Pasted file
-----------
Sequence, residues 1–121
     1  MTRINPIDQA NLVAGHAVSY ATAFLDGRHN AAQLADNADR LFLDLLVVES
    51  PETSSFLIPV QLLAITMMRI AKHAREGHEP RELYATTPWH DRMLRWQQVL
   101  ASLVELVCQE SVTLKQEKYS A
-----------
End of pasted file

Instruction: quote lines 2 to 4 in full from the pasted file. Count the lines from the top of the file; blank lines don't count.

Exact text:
     1  MTRINPIDQA NLVAGHAVSY ATAFLDGRHN AAQLADNADR LFLDLLVVES
    51  PETSSFLIPV QLLAITMMRI AKHAREGHEP RELYATTPWH DRMLRWQQVL
   101  ASLVELVCQE SVTLKQEKYS A